Friday, May 8, 2009
For underwater homeowners who opt for the short sale, this WSJ article suggests that they still might have to tread water. In a short sale, a seller facing foreclosure can work out a deal with the lender to sell the property for less than the outstanding debt, which the lender will accept as a payoff. However, as the article explains, this doesn't necessarily mean that the borrower is "home free":
In a growing number of cases, holders of mortgages or home-equity loans are requiring borrowers in short sales to sign a promissory note, which is a written promise to pay back a loan or debt. Real-estate agents and attorneys say they have seen an increase in requests for promissory notes as mortgage companies look to short sales as an alternative to foreclosure.
In many states, lenders have always had the right to pursue former homeowners for unpaid mortgage debt. Yet until recently, most borrowers who ran into trouble were able to refinance or sell their homes and pay off their loans. Now, falling home prices are widening the gap between home values and mortgage balances, and the number of homeowners who can't make their mortgage payments is rising as the economy has weakened. More than 3.8 million homes will be lost in 2009 and 2010 because borrowers can't make their mortgage payments, according to forecasts from Moody's Economy.com.
Some borrowers are surprised to find themselves on the hook. Jodie Byrd sold her home in the Los Angeles area in a short sale last summer after her husband lost his job and the couple realized they wouldn't be able to make their mortgage payments. The sale price covered the $685,000 mortgage, but their lender, Washington Mutual Co., then began pursuing them for the $21,600 balance on their second mortgage.
Ms. Byrd says a clause in their contract gave Washington Mutual the right to pursue the debt, but adds that her real-estate agent said that wasn't likely to happen. The couple eventually settled the claim for $4,000.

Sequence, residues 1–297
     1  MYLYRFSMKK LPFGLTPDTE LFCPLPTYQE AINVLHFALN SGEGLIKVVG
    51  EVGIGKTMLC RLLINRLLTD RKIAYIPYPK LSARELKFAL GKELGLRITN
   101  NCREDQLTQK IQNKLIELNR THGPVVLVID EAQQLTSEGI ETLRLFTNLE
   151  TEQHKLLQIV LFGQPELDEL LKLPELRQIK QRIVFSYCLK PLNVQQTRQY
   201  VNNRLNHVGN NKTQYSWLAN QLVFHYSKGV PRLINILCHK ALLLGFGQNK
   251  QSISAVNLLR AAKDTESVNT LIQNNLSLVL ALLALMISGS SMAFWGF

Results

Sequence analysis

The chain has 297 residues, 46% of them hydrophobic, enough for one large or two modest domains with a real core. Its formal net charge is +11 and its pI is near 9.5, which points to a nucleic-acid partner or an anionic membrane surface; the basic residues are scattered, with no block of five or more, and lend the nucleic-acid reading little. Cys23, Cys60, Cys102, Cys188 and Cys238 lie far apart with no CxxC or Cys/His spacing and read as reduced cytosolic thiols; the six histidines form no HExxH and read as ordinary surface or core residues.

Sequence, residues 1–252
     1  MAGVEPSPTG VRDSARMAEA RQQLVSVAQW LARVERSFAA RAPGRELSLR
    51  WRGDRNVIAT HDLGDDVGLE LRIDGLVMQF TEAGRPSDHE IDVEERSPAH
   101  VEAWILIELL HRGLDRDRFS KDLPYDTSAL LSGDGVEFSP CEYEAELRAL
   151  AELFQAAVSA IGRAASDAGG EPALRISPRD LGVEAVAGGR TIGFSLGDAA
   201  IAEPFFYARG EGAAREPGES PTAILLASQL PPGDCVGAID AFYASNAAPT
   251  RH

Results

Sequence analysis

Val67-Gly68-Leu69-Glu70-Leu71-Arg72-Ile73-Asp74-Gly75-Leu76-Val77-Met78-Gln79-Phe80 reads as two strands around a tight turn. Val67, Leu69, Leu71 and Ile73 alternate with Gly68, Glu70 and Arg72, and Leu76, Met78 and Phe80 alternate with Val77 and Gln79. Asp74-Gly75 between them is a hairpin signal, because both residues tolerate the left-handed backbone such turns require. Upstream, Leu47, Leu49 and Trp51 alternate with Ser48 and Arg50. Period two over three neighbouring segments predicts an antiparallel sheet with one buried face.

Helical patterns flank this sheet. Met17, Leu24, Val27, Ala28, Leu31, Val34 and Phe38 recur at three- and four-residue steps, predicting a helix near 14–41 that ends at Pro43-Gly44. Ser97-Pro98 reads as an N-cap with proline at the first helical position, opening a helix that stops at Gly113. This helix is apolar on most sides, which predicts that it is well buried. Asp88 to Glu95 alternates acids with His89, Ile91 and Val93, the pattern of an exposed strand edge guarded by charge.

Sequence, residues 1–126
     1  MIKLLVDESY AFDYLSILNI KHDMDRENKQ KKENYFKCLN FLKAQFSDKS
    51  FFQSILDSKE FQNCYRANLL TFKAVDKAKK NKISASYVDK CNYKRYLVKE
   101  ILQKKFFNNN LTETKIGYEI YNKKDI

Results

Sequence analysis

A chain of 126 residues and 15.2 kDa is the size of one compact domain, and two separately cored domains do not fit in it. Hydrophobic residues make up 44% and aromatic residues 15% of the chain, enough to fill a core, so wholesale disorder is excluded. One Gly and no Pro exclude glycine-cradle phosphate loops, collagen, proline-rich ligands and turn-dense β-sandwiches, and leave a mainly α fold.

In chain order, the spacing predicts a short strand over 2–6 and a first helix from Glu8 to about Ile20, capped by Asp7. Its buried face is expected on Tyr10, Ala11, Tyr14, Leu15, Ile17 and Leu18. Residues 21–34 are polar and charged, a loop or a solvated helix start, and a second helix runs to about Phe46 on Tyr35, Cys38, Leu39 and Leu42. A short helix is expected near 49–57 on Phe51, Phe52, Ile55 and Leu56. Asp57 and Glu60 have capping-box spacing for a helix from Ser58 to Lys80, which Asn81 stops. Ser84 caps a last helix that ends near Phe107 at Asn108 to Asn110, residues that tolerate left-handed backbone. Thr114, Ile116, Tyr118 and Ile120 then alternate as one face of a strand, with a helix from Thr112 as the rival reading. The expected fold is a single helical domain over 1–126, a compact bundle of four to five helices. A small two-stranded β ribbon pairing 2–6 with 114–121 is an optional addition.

A spokesman for J.P. Morgan Chase & Co., which acquired Washington Mutual last year, says it's the company's policy not to comment on individual cases. Speaking generally, he says, "a short sale may resolve the first mortgage, but the second mortgage ... would be a separate negotiation with the lender or servicer."
Some experts say that mortgage companies may pursue leftover debt, or "deficiencies," in greater numbers as the housing market settles. Lenders are "doing everything possible to work with their borrowers and trying to bring stability back to the lending and real-estate market," says Marc Ben-Ezra, an attorney in Ft. Lauderdale, Fla., who represents mortgage companies in foreclosures. "However, the ability to get a deficiency judgment is a valuable right that I think lenders will pursue aggressively in the future as the market stabilizes."
What, then, is the incentive for the borrower to opt for a short sale instead of foreclosure? It seems that, if the borrower's counsel can't get the bank to consider the loan paid in full, the better option for the borrower is to allow the house to go into foreclosure. Why would anyone counsel the borrower to opt for a short sale if the borrower has to sign a promissory note for the difference? As I understand it, either option is bad for a borrower's credit.
[Meredith R. Miller]